Count Vendetta... LOL!
With Vader, we knew from the start that he was involved in Luke's father's death, so it wasn't a huge leap from that to what it ended up as.
If anything, I'd say the problems lie somewhere else entirely: If Vader was so notorious for choking his officers, how comes anyone in the Empire, like that hammy atheist guy in ANH, didn't "believe" in it? It didn't even make much sense in the original, but it really stretches SoD further down the line. Then, I wonder how much had "transpired" of the Emperor's own powers... lol. He was designed to be a powerless pawn at that point, though.
In case of Lando, the only problem is that they're stuck in space WITHOUT FUCKING FTL, and Lando just happens to hover around nearby on his gas mine or whatever.
That's a whole other problem, though - the shrinking of the universe, that is, in the LITERAL sense. STAR WARS HAS NO SENSE OF SCALE :D
That makes me wonder, is the SW galaxy anything like our galaxy? It's a fairytale on the far soft end of SciFi, after all, so maybe stars aren't that huge, and they're all more in vicinity of each other? After all, doesn't take them decades or years to travel between stars, right? ;)
The problem with ESB really isn't the "small universe"... however, the movie is kinda full of contrived coincidences. First, the rebels escape the Empire and the Empire fails to track them... ok... Luke finds Yoda on Dagobah... ok... ahm... HOW THEY LANDED IN AN ASTEROID WITH A DINOSAUR IN IT??!! How could it breathe??! Okay.... um.... there were like several Destroyers hovering around, and TIEs and shuttles were available constantly, so how comes the Falcon could hide on the surface of the ship??
Then, some robot smashes C3PO... WHY? The only reason I can think of is that it was supposed to foreshadow bad stuff... that Bespin was a crapsaccharine place or whatever... but... it wasn't really, the Empire had taken over like 2 days ago.
Then, what does Boba Fett does at Jabba's palace? Ah whatever, he's on his payroll I guess... whatever. The entire way they smash up the monsters and escape, having all planned ahead and stuff, makes litte sense if you think about it, as well.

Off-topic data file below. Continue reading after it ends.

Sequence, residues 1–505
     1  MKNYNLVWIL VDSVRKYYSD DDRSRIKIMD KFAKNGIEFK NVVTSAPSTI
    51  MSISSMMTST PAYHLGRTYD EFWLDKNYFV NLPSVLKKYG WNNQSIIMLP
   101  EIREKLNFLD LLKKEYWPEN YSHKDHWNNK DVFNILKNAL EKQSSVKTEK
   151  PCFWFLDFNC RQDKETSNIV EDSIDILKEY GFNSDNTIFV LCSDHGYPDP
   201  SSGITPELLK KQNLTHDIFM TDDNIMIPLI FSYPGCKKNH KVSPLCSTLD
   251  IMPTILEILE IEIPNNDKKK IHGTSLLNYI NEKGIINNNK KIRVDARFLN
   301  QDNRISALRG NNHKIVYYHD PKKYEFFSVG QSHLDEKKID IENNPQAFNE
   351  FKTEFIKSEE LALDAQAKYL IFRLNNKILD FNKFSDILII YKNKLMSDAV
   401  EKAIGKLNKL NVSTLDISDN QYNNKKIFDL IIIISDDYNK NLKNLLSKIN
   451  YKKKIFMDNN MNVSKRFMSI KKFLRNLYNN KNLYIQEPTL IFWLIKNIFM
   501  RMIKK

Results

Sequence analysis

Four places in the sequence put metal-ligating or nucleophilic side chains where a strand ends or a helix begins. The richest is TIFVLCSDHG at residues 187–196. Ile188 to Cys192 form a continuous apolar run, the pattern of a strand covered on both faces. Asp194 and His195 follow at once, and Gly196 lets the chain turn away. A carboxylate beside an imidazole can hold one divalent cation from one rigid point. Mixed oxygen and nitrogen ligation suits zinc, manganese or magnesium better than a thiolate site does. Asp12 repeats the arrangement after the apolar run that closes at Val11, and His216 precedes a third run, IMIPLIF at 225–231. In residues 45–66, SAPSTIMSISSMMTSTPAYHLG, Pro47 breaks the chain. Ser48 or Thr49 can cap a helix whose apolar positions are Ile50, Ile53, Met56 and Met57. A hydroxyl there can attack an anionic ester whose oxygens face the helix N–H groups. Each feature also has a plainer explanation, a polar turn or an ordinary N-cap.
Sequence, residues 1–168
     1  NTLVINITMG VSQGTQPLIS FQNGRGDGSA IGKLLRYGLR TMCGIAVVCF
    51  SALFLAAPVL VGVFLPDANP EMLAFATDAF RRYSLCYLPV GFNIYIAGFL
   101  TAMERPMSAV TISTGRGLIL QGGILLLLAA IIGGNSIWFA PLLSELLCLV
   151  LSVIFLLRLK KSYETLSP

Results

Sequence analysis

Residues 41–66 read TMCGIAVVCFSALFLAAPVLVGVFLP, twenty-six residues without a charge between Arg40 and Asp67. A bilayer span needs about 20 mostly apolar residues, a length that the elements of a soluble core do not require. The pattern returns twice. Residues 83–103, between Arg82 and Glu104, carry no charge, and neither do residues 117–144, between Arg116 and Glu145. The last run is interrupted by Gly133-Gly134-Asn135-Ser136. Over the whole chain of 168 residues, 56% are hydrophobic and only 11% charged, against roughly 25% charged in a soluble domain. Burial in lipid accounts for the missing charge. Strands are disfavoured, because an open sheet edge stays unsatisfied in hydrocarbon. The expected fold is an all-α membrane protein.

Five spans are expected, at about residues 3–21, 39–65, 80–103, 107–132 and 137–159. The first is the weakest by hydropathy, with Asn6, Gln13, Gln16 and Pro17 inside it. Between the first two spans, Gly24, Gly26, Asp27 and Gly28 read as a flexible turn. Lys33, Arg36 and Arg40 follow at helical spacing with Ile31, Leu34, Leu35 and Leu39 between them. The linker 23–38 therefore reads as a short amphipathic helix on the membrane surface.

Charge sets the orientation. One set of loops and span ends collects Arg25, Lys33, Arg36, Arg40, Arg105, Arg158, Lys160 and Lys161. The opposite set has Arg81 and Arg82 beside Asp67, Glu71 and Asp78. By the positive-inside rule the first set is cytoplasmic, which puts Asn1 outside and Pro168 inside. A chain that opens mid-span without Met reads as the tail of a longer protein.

Just one thing I wanted to say about the "small universe" concept - of course, we all know how unrealistic it would be in real life. But it's what fiction is made of - what if some sort of fate, or invisible patterns, help us move around and bump into important things and people by "accident"? When things like these happen in real life, people usually ascribe it to "synchronicity" or treat it as improbabilities.
In fiction, however, a story might make a point out of exploring the concept of fate and mysticism (like Homo Faber), or be an escapist fairy tale that fulfills our desires and simplifies the world (as is the case with Star Wars - it also deals in fate, of course) - it can also be done with humor (Back to the Future, Austin Powers 3; arguably Star Trek XI) for pure fun... because the plausibility of three Biff Tannens walking into a bar and mobbing three McFlies across 3 centuries is absurd, so the audience gets that and enjoys it as a funny spectacle.
Point is, despite the numerous contrivances and plot holes in the OT, I think these "shrinking universe" revelations played well into the "mythical / escapist" zone, despite creating some logical problems - maybe due to the charming execution of it all.
The ones in the PT, maybe with minor exceptions (I don't really care about Padme knowing Palpatine, that was kinda just unnecessary), however, fall strict into the "silly fanwank" category. And no stylistic apologetics are to drag them out of that pit.